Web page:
The most important technologies of the future are being impacted, including diagnostics, bioinformatics, artificial intelligence, digital processing, and many more. We must resolve this issue, and we must resolve it now. If not, we risk our nation being left behind as others fortify their IP laws and race towards technological dominance in the Fourth Industrial Revolution.
Stakeholders must demand a change. So where will we each stand?
Just as every physical object and living creature requires constant maintenance and upkeep—lest entropy turn it to dust—there is always more to do to improve and fortify our IP system.
Should we develop, for example, a national innovation and IP policy aimed at maintaining our nation’s lead in creating and producing the technologies of the future?
Should we update our design patent laws that haven’t been meaningfully altered since 1952—to account for new technologies, such as holographic displays, and new product cycles?
So where will each of us stand in the face of this American innovation renaissance?
We must certainly address our nation’s continued ability to develop standard-essential technologies. And we must assess potential implications of recent international decisions regarding standard-essential patents.
We must continue our engagement with foreign nations to ensure bilateral and multilateral cooperation on intellectual property issues. And we must put an end to state-sponsored theft of intellectual property, and their cavalier attitude toward the proliferation of fakes and counterfeits.
By the way, this is, in part, the reason that it was so important for us to create a broad coalition of partners to elect new, pro-innovation leadership at the World Intellectual Property Organization (WIPO) in 2020. Given the forces that were at work, that alone was a singular accomplishment, and it will pay dividends for years to come.
So where will each of us stand?
Will we, for example, continue a balanced approach to post-grant proceedings at the PTAB?
And will we continue the work of the National Council for Expanding American Innovation? For the United States to maintain its leading edge, we need all hands on deck. Innovation should not belong to a select few.
To the contrary, innovation can be the great equalizer, where anyone with the willingness to work hard and take risks can have the opportunity to make something new and potentially change the world.
Expanding participation in the innovation ecosystem is one of our nation’s best and most tangible opportunities for enhancing economic growth, and improving the quality of life for every American. Let’s make sure we do that.
For this to happen, though, we must all understand the greater role intellectual property plays in the innovation ecosystem. We must make the connection between reliable and predictable IP rights and more innovation, job creation, and overall economic growth.
A robust IP system opens up the economy, increases trade, and increases commerce, both domestically and internationally. It also enables the transfer of technology from lab to market. And a robust IP system allows new entrants to create brand new markets, or to penetrate and make a difference in established markets.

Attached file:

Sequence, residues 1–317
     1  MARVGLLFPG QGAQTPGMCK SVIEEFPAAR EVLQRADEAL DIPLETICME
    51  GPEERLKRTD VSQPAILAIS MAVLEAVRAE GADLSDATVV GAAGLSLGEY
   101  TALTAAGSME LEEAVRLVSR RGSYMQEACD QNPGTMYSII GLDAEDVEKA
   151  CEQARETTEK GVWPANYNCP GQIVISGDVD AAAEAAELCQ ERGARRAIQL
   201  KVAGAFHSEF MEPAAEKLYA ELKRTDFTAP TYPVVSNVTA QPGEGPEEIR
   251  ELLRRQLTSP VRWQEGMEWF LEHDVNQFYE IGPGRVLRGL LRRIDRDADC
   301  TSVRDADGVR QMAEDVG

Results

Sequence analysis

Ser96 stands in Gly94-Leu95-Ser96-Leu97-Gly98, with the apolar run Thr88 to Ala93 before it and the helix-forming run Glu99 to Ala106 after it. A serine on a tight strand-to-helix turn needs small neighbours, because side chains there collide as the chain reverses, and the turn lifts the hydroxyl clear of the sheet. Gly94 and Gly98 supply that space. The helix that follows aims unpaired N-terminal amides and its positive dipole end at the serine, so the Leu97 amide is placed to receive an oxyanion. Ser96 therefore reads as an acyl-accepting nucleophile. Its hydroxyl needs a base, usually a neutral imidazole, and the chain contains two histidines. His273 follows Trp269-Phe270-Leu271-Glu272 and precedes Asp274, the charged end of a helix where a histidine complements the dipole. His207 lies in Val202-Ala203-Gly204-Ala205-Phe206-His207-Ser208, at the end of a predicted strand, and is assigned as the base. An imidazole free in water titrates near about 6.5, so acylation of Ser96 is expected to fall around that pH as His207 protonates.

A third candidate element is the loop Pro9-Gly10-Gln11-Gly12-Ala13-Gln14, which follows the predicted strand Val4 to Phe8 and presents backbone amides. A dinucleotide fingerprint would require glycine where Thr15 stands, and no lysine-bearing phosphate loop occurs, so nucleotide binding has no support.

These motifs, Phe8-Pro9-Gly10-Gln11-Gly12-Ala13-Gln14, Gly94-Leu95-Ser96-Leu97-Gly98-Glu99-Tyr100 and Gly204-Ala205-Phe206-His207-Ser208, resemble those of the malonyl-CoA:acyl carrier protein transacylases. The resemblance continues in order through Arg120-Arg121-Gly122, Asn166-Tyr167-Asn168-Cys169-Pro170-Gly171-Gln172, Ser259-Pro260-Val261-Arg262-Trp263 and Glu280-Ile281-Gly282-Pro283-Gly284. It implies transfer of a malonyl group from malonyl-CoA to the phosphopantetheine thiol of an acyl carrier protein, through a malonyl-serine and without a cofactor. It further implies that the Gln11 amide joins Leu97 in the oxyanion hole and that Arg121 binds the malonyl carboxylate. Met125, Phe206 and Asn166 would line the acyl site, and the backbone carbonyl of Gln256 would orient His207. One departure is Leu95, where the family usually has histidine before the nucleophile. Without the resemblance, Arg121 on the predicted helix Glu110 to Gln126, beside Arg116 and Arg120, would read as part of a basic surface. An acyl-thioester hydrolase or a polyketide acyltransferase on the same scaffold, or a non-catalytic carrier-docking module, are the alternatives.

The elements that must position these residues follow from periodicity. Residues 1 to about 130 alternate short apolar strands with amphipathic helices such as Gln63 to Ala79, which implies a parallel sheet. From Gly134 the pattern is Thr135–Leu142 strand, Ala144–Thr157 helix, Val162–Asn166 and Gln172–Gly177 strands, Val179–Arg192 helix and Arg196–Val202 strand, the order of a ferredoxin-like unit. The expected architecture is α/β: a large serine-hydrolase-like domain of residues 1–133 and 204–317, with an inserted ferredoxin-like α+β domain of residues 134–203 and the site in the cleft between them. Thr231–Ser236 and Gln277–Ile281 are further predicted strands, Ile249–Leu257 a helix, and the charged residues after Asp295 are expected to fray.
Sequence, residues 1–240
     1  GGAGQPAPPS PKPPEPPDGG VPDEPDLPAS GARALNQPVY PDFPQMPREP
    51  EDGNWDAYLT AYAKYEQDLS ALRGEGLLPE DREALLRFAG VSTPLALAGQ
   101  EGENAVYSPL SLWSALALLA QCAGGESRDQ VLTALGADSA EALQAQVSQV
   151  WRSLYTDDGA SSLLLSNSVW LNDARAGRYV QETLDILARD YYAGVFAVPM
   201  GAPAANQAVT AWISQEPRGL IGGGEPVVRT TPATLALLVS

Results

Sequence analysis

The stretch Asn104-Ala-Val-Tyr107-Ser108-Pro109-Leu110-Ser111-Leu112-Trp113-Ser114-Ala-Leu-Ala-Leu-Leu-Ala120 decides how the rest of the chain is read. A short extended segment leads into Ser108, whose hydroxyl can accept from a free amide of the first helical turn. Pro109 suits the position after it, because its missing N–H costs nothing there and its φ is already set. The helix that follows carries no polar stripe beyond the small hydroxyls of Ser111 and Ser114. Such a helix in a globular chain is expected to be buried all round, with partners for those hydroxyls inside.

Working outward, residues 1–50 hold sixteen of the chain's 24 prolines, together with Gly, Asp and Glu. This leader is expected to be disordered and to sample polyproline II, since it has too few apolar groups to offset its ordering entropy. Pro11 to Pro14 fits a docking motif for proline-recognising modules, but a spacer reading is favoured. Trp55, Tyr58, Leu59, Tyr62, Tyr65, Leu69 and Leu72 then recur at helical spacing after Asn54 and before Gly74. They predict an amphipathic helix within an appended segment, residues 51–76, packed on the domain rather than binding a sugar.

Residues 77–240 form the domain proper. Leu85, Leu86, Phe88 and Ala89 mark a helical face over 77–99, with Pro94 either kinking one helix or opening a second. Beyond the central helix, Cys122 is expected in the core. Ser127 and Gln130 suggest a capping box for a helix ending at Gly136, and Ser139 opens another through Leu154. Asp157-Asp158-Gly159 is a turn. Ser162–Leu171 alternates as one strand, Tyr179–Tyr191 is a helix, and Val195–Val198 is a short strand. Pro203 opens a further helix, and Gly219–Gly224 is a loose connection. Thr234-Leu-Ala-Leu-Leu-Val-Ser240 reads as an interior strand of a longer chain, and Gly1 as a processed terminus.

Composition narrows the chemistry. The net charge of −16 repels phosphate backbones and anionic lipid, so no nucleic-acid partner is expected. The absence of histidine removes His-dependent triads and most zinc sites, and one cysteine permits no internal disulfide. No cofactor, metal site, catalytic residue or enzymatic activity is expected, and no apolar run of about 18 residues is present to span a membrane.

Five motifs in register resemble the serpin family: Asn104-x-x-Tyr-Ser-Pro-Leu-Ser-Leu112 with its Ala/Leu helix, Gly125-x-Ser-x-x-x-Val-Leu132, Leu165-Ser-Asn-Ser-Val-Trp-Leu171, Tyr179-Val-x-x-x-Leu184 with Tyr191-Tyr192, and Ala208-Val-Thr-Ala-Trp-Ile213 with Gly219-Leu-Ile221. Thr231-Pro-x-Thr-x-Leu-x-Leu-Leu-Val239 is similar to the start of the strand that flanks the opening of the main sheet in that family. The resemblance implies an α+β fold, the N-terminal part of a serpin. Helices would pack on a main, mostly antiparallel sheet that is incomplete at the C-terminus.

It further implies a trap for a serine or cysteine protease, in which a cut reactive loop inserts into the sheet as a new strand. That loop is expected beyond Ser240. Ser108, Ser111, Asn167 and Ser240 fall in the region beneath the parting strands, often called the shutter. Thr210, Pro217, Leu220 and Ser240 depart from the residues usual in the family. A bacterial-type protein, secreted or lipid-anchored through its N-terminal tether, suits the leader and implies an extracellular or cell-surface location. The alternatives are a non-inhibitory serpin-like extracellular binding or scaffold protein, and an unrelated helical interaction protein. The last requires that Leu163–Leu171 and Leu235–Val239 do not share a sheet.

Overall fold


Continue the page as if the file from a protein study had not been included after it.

These are fundamental principles that we must continuously explain and communicate. And these are the underpinnings of the American innovation renaissance.
So where will each of us stand? Will we each work to advance this American innovation renaissance?
At the very minimum, we must certainly all work together to encourage the inventors of the future. We must show them remarkable role models and heroes they can look up to: Elijah J. McCoy and the Wright Brothers; Edison, Bell, and Tesla; Hedy Lamarr, Boyer, and Cohen; Temple Grandin, and Marian Croak.
These are the stories we must tell; these are the heroes we must promote. If we do our job right, I am confident that America’s future will be bright indeed.
The most amazing people I met these past few years are actually the inventors of the future—starting with kindergarteners, five-year olds, making their first creations and excitedly explaining them to me. Jumping up and down, many would say, “Director, I want to be an inventor when I grow up!” Their unbridled enthusiasm assures me that America’s best days are yet to come.
To the IP community, thank you for giving me the honor of serving as your USPTO Director. Thank you for your support, and thank you for everything you do for our cherished system.
To the employees of the USPTO, it has been an honor to serve with you. Thank you for your dedication and hard work on behalf of all of our constituents, and the public at large. The USPTO has a unique culture of excellence that is second to none. And it is all because of you. I will miss you.
One of my favorite books is "The Boys in the Boat," the true story of hard-working young men during the Depression who overcame all the odds to win Gold in the rowing competition at the Berlin Olympics in 1936.
In order to succeed at the things that matter, their boat maker told them they had to give themselves up to it completely: “When you were done and walked away from the boat,” he said, “you had to feel that you had left a piece of yourself behind in it forever; a bit of your heart.”
I’m leaving a bit of my heart here, at the USPTO, forever.
Thank you for the opportunity to serve this great country that I love. And God bless you all.